SBNation Longform: RG3, Kaepernick, and the Emergence of Chris Ault’s Pistol Offense into the NFL

It’s now up:

“There are no gimmicks in our offense,” Nevada head coach Chris Ault recently explained. [source]. “When the shotgun offenses came out, I enjoyed watching those teams move the football. The thing I did not like was the idea of a running back getting the ball running east and west,” he said. “We have always been a north and south running game offense.”

The entire premise of Ault’s pistol attack is to combine the best of the shotgun spread offenses, like Chip Kelly’s attack at Oregon [source], with the traditional, north-south power attack Ault had coached for more than 20 years. The Pistol alignment is merely the means by which to do it; the “Pistol Offense” is this blend of old and new.

It is easy to see why Ault’s vision had more appeal to the NFL mindset than the “east-west” schemes of Chip Kelly or the other spread offense gurus.

Read the whole thing.

  • Ryan Juliano

    Nice post on an offensive set that’s really intriguing to me.

    Especially from that two fullback diamond set, I can see this offense being successful as a kind of inverse of Chip Kelly’s spread-to-run attack. With two blocking backs inside the tackle and only a couple of yards from the line, the offense has tremendous inside blocking leverage. Defenses not only have to throw more men into the box, but they’ll have to bunch them more within the box and bring linebackers closer to the line. This, in turn, puts a lot of pressure on fewer defensive backs to cover more space. Surely, that’s part why New England has had great success in recent year using bunch formations in its passing game. Of course, Tom Brady, Wes Welker, and two cyborg tight ends have helped matters, but similar passing success might come from the more earnest run threat that comes from a mobile quarterback and two fullback.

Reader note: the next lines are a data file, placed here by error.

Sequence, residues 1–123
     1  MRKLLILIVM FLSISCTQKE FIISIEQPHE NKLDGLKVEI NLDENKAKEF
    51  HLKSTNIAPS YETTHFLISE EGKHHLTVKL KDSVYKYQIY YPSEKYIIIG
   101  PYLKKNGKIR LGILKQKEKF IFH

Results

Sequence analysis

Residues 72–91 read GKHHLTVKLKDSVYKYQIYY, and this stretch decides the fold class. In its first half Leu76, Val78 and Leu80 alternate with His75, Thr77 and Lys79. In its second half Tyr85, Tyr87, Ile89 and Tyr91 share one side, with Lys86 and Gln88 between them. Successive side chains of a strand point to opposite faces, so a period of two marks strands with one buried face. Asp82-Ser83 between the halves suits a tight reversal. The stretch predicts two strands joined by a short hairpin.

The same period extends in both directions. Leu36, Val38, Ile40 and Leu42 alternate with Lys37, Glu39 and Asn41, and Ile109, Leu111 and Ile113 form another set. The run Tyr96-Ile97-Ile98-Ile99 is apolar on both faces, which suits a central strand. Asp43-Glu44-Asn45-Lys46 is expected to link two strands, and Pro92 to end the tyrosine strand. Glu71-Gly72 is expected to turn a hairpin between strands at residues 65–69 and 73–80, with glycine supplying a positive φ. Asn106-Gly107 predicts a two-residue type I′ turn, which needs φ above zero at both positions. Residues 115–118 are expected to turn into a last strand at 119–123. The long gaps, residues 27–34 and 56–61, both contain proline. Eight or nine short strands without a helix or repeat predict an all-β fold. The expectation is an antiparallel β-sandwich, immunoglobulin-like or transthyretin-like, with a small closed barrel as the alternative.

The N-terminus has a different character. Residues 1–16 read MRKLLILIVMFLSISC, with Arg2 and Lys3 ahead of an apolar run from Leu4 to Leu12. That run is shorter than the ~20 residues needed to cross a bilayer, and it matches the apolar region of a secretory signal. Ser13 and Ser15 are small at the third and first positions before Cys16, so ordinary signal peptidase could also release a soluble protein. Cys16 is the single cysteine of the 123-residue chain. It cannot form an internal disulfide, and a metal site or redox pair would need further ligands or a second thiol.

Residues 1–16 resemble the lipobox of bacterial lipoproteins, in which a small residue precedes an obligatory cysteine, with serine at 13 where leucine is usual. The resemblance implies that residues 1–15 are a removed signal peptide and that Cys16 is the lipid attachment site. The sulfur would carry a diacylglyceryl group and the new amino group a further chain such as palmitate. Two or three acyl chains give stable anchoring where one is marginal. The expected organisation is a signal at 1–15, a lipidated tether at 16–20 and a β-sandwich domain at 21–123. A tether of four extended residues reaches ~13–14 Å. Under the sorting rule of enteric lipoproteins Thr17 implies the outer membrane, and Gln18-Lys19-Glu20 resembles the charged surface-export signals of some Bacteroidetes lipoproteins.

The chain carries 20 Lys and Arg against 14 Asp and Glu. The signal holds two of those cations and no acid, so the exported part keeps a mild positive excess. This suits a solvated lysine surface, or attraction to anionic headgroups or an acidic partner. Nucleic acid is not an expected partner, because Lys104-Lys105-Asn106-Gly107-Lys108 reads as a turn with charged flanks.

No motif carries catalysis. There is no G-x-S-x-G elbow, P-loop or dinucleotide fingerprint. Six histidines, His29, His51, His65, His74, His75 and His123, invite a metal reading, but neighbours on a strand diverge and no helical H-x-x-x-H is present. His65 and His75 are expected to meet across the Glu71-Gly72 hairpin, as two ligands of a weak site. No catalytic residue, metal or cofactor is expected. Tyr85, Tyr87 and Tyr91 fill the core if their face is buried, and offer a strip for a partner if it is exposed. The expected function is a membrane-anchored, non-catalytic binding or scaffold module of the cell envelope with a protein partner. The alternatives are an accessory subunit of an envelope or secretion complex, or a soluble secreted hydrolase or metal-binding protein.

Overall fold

• zkinter36

    I think that more and more teams at all levels will embrace this synthesis of college and pro systems. I believe the most important element of the pistol is that it allows for teams to run wide zone in the manner that Alex Gibbs teaches it while still being able to run tight zone read plays out of the same looks. Those two plays require totally different responses from the defensive players, especially the defensive ends. To stop tight zone read, you need to slow play and be patient. To stop wide zone, you need immediate penetration and decisiveness. If the opposing defensive line guesses wrong… Good luck guys. Then you start using multiple alignments, motions, shifts, playactions, snap counts, screens… All with only having to teach two core blocking schemes to your oline… Two blocking schemes that really utilize the same calls. Scary… Having a great admiration towards the systems that Shanahan implemented with the Broncos when they went back to back, it is nice to see him revolutionize the game again with his recent innovations.